Disease is largely a removable evil. It continues to afflict humanity, not only because of incomplete knowledge of its causes and lack of individual and public hygiene, but also because it is extensively fostered by harsh economic and industrial conditions and by wretched housing in congested communities. ... The reduction of the death rate is the principal statistical expression and index of human social progress. It means the saving and lengthening of lives of thousands of citizens, the extension of the vigorous working period well into old age, and the prevention of inefficiency, misery, and suffering. These advances can be made by organized social effort. Public health is purchasable. (1911)
Environment counts for a great deal. A man’s particular idea may have no chance for growth or encouragement in his community. Real success is denied that man, until he finds a proper environment.
Everyone is aware of the difficult and menacing situation in which human society–shrunk into one community with a common fate–now finds itself, but only a few act accordingly. Most people go on living their every-day life: half frightened, half indifferent, they behold the ghostly tragicomedy which is being performed on the international stage before the eyes and ears of the world. But on that stage, on which the actors under the floodlights play their ordained parts, our fate of tomorrow, life or death of the nations, is being decided.
Food is the burning question in animal society, and the whole structure and activities of the community are dependent upon questions of food-supply.
Forests and trees make significant direct contributions to the nutrition of poor households ... [as] rural communities in Central Africa obtained a critical portion of protein and fat in their diets through hunting wildlife from in and around forests. The five to six million tonnes of bushmeat eaten yearly in the Congo Basin is roughly equal to the total amount of beef produced annually in Brazil – without the accompanying need to clear huge swathes of forest for cattle.
Humans everywhere share the same goals when the context is large enough. And the study of the Cosmos provides the largest possible context … . If a human disagrees with you, let him live. In a hundred billion galaxies, you will not find another … . If we are to survive, our loyalties must be broadened further, to include the whole human community, the entire planet Earth.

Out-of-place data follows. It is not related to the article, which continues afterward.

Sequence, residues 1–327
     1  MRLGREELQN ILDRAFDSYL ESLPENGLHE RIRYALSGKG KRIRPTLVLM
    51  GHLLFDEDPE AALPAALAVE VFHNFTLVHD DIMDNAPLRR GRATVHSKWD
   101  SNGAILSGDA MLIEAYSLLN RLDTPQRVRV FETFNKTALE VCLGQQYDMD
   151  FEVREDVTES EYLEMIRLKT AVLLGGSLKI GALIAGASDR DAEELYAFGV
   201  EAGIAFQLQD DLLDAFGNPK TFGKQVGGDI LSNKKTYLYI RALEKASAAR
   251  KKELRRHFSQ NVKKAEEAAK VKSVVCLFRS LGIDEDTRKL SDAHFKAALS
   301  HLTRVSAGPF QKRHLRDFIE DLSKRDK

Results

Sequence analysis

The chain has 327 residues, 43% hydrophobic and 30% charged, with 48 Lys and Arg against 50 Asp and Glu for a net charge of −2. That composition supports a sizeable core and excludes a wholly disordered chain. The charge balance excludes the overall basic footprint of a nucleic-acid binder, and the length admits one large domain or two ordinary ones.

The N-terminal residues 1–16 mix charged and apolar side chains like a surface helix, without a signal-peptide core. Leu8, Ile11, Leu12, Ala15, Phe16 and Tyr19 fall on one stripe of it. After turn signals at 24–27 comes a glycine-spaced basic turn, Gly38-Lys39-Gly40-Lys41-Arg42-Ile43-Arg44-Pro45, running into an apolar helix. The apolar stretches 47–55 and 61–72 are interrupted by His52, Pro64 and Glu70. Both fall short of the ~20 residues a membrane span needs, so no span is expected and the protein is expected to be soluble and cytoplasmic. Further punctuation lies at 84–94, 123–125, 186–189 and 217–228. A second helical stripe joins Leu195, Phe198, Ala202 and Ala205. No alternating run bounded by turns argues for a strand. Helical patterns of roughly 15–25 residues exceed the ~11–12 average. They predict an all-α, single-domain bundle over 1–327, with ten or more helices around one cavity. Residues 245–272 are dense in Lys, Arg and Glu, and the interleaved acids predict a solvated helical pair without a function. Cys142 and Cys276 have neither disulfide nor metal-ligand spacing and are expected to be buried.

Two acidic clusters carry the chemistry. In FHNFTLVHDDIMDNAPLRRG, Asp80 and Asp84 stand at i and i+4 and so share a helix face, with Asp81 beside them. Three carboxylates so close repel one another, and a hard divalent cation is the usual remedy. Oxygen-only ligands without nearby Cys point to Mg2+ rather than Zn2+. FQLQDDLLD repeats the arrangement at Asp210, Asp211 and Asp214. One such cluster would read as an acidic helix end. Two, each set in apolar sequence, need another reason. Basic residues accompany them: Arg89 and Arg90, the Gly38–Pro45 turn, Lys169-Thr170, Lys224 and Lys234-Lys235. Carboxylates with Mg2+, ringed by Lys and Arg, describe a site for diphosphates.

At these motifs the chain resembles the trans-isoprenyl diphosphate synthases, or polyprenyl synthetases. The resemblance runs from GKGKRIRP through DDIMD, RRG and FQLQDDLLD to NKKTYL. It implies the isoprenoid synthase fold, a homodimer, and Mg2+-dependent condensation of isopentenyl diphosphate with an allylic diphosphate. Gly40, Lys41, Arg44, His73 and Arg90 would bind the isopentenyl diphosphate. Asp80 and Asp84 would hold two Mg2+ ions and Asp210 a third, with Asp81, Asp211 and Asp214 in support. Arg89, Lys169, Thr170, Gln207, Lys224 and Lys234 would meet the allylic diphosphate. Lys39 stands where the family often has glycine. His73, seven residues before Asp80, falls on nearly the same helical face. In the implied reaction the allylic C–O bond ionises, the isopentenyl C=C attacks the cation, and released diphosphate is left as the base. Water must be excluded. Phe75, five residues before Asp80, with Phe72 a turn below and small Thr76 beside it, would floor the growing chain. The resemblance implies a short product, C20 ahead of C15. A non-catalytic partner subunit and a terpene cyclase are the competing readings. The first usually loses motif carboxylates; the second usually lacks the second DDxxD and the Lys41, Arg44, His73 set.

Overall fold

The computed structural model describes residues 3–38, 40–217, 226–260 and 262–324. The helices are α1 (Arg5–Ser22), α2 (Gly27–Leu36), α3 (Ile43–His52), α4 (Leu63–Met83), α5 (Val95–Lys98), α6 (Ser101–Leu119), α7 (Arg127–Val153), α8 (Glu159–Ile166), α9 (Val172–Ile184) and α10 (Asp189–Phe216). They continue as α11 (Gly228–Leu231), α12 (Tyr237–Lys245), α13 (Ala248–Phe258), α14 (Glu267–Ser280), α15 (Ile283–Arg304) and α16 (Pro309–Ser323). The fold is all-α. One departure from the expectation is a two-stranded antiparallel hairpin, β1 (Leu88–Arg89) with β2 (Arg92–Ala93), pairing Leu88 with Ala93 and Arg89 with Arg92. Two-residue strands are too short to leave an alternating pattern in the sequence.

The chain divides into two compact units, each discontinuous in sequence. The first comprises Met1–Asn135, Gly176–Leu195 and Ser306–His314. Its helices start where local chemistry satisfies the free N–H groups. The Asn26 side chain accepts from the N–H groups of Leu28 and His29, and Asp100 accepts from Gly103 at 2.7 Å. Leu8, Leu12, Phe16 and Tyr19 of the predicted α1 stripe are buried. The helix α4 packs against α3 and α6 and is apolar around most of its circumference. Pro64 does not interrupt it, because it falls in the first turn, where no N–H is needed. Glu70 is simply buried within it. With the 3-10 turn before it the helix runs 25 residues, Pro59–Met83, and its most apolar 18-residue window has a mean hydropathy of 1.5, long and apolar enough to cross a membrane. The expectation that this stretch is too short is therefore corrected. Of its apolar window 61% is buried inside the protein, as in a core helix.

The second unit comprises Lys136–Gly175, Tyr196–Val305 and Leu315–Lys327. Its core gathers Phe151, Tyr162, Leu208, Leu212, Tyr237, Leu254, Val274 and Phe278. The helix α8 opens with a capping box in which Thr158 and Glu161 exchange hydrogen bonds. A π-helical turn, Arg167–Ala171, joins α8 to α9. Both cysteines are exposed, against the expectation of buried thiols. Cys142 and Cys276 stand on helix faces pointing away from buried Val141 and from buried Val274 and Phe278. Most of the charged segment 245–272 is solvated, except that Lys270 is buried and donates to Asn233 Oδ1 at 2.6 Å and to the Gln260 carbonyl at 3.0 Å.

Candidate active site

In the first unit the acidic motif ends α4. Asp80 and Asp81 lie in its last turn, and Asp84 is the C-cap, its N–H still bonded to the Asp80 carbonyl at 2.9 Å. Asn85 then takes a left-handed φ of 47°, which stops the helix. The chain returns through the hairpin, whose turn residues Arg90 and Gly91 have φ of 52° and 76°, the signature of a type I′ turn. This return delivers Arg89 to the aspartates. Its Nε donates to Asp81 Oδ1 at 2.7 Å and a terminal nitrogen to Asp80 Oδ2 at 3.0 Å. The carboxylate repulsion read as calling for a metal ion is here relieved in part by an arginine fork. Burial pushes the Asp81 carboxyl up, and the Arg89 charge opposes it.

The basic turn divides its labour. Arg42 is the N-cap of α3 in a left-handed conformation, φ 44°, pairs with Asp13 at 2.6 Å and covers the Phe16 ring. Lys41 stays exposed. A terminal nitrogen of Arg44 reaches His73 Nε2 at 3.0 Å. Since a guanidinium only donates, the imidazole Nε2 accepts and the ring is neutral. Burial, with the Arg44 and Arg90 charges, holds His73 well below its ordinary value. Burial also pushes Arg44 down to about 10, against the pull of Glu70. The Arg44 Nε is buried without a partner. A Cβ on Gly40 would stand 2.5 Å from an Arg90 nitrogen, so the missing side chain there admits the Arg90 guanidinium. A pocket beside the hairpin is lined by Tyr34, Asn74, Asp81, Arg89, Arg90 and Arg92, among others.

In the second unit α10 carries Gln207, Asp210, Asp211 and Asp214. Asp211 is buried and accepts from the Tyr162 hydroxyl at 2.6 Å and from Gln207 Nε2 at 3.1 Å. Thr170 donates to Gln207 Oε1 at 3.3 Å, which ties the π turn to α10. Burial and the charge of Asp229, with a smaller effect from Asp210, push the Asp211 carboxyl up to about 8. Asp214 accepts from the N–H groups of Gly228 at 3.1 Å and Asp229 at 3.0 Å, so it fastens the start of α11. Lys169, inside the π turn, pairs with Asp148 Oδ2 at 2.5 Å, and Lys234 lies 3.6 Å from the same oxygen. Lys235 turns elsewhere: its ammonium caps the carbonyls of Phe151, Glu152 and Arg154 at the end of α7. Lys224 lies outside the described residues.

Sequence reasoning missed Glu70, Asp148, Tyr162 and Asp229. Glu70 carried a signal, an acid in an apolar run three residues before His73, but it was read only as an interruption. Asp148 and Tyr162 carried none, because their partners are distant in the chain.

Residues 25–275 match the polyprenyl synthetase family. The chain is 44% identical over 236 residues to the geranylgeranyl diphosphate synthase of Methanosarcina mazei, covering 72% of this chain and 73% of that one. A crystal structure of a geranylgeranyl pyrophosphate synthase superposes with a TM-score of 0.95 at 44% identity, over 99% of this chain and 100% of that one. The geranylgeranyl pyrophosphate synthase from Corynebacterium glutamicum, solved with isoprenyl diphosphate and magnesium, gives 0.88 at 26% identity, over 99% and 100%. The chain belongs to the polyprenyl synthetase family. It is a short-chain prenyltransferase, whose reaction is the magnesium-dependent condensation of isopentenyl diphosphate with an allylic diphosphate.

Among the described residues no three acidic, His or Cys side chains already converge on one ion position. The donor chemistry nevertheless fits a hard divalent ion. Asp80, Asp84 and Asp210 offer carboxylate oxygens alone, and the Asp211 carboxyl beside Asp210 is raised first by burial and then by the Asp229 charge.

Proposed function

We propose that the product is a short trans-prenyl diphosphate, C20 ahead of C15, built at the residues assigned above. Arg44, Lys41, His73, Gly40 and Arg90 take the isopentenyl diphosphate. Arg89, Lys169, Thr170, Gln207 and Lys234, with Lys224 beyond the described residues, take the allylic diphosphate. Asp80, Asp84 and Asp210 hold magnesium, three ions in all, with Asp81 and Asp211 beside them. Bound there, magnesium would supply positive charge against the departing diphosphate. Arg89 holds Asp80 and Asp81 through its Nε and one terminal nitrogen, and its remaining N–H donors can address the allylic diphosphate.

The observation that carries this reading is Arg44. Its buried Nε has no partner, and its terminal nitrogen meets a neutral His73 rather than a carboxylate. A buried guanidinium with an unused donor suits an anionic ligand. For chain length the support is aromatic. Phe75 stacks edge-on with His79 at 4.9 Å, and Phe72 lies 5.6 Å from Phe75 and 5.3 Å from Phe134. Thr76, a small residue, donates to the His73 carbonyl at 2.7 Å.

I felt an awesome responsibility, and I took the responsibility very seriously, of being a role model and opening another door to black Americans, but the important thing is not that I am black, but that I did a good job as a scientist and an astronaut. There will be black astronauts flying in later missions … and they, too, will be people who excel, not simply who are black … who can ably represent their people, their communities, their country.
I … object to dividing the study of living processes into botany, zoology, and microbiology because by any such arrangement, the interrelations within the biological community get lost. Corals cannot be studied without reference to the algae that live with them; flowering plants without the insects that pollinate them; grasslands without the grazing mammals.
If in a given community unchecked popular rule means unlimited waste and destruction of the natural resources—soil, fertility, waterpower, forests, game, wild-life generally—which by right belong as much to subsequent generations as to the present generation, then it is sure proof that the present generation is not yet really fit for self-control, that it is not yet really fit to exercise the high and responsible privilege of a rule which shall be both by the people and for the people. The term “for the people” must always include the people unborn as well as the people now alive, or the democratic ideal is not realized.